Is this proof correct? Prove that a continuous, periodic and non-constant function has a smallest period

I have to prove, as an exercise, that all real, continuous, periodic and non-constant functions cannot have an arbitrarily small period. This was my attempt:

Let $f:\mathbb{R}\rightarrow \mathbb{R}$ be a functions for which the hypothesis of the problem hold. Since $f$ is not constant, there are $z,y\in \mathbb{R}$ such that $f(z)\neq f(y)$, which entails that $|f(z)-f(y)|=D>0$. Suppose, WLOG, that $z>y$, and let there be $0<\epsilon<D$. Since $f$ is continuous, there exists $\delta>0$ such that $$|x-z|<\delta \implies |f(x)-f(z)|<\epsilon.$$ Now, suppose for the sake of contradiction that there is no least period. There exist, then, a period $T$ of $f$ such that $T<2\delta$. The following chain of implications holds: $$0<T<2\delta \implies \frac{2\delta}{T}>1 \implies \frac{(z-y+\delta)}{T}-\frac{(z-y-\delta)}{T}>1 \implies \exists n \in \mathbb{N}:$$$$\frac{z-y-\delta}{T}<n<\frac{z-y+\delta}{T}\implies z-y-\delta<nT<z-y+\delta \implies |y+nT-z|<\delta \implies |f(y+nT)-f(z)|=|f(y)-f(z)|=D<\epsilon.$$ But this is a contradiction, because we supposed at the beginning that $D>\epsilon$.

Can you spot any mistakes I overlooked? Could the writing be improved? How would consider it if it had been written in an exam paper?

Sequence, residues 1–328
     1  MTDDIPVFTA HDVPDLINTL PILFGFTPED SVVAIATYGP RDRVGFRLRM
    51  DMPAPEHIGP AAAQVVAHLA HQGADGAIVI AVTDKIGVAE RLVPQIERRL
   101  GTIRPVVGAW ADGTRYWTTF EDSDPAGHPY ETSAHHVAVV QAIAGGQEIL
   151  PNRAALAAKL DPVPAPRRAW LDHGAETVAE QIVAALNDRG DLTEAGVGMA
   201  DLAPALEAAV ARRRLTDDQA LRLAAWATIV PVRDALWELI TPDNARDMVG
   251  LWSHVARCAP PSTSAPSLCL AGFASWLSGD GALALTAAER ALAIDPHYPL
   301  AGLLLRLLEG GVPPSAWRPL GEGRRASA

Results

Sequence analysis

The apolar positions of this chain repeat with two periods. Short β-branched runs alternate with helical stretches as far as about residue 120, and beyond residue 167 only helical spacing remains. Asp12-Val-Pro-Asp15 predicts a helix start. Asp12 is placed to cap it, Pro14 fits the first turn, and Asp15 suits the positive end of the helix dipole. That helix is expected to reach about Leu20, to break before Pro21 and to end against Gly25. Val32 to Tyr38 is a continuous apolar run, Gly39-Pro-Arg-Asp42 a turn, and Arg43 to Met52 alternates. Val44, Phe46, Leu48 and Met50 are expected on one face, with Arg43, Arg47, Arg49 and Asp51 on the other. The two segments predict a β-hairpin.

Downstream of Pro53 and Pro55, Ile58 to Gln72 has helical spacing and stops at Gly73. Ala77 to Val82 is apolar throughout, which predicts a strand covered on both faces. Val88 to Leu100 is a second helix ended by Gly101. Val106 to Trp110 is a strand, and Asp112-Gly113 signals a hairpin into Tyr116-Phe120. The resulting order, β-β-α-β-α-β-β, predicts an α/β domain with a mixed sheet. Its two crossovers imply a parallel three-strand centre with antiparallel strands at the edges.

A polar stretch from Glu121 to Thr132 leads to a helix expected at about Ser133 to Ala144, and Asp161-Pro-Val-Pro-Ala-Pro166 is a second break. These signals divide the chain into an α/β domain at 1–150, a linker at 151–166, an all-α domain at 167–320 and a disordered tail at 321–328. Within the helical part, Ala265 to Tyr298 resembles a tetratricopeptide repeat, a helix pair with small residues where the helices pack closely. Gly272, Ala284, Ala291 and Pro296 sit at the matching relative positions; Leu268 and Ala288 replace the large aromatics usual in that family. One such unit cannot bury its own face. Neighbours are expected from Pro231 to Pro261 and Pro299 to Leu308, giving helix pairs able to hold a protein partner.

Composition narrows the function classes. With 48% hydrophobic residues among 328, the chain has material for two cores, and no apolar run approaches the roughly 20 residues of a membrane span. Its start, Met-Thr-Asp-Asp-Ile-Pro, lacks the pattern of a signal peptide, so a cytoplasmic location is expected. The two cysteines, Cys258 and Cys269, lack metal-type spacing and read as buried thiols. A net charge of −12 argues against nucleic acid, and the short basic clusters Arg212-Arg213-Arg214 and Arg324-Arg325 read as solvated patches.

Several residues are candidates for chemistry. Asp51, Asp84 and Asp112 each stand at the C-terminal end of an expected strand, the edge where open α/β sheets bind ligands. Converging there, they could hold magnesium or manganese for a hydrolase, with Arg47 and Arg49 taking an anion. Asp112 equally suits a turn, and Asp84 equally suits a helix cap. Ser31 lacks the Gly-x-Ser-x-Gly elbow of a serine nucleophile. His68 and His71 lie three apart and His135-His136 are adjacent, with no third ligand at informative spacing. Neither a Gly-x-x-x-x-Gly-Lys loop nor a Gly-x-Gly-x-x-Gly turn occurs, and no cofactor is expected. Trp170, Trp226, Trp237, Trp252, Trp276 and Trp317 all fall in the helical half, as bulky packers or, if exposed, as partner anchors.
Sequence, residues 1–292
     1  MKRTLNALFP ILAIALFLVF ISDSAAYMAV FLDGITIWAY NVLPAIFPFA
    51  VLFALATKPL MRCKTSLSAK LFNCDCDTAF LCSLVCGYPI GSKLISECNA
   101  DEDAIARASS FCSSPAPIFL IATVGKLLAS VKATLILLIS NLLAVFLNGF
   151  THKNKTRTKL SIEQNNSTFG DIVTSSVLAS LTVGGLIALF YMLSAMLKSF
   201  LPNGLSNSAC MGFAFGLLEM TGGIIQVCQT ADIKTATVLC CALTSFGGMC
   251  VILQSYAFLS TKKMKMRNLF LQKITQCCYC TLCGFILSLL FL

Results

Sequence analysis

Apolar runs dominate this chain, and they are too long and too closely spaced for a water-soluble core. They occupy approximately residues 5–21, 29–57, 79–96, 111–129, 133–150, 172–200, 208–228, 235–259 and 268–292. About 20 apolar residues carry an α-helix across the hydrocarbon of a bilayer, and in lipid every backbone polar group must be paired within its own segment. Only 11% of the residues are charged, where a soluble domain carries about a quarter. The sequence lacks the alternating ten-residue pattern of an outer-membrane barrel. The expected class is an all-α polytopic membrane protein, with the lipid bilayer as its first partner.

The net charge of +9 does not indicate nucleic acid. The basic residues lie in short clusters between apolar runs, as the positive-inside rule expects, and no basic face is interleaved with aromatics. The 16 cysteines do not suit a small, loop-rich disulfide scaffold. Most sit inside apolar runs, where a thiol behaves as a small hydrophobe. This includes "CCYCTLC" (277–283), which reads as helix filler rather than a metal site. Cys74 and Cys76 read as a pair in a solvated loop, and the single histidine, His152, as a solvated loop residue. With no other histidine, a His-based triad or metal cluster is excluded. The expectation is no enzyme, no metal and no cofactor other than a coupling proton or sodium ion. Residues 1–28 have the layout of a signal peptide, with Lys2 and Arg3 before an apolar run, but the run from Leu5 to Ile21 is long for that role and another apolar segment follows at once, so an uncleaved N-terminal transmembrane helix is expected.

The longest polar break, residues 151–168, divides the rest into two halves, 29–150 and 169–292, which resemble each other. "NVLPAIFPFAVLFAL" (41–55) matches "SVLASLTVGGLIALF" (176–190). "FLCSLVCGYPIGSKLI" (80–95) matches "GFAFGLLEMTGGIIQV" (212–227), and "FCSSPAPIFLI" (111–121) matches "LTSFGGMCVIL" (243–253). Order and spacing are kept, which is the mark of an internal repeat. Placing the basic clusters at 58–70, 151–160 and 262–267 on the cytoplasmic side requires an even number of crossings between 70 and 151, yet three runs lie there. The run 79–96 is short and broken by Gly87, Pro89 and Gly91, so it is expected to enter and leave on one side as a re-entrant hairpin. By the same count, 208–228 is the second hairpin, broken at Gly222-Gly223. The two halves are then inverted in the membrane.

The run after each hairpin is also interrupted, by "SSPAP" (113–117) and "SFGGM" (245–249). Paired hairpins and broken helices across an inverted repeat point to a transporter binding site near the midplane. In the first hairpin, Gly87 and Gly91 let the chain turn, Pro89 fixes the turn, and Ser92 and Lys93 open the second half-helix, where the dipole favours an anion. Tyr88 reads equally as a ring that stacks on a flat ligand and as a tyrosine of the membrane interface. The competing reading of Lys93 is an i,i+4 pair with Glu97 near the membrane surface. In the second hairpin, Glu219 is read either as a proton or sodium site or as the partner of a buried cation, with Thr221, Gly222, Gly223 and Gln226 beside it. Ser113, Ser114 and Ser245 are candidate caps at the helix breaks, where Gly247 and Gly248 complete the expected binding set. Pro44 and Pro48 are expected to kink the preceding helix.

• Looks good to me
– user384138
Commented Nov 8, 2016 at 20:36
• Looks perfect to me. A proof not by contradiction, but essentially the same idea, would be: For $x<y,$ for any $\epsilon >0 ,$ let $T$ be a period of $f$ with $0<T<\epsilon /2.$ There is a (unique) $n\in \mathbb N$ such that $x+nT<y\leq x+(n+1)T.$ Then $f(x+nT)=f(x)$ and $|y-(x+nT)|<\epsilon.$ So every nbhd of $y$ contains a point where the value of $f$ is $f(x).$ Since $f$ is continuous, therefore $f(y)=f(x).$ Commented Nov 8, 2016 at 21:53

Posted proof looks good. For an alternative approach, suppose there is no smallest (positive) period. Then there must exist a decreasing sequence $T_1, T_2, \cdots$ of periods with $lim_{n \to \infty} \;T_n = 0$.

For any given $x$, define the sequence $x_1 = x$ and $x_{n+1} = x_n - T_n \; \lfloor \frac{x_n}{T_n} \rfloor$ for $n \ge 1$. Then:

• $0 \le x_{n+1} \lt T_n$ for $n \ge 1$ by definition of $\lfloor \cdot \rfloor$

• $f(x) = f(x_1)$ by definition

• $f(x_{n+1}) = f(x_n)$ because $x_{n+1}-x_{n}$ is a multiple of $T_n$, so $f(x) = f(x_n)$ for $\forall n \ge 1$

It follows that $\lim_{n \to \infty} x_n = 0$, and by continuity of $f$ that$f(x) = \lim_{n \to \infty} f(x_n) = f(0)$ so that $f$ is a constant function, contradicting the hypothesis.

I think you are done after you found $\delta$.

Any period must include both $f(y)$ and $f(z)$, but locally it doesn't due to the continuous function requirement.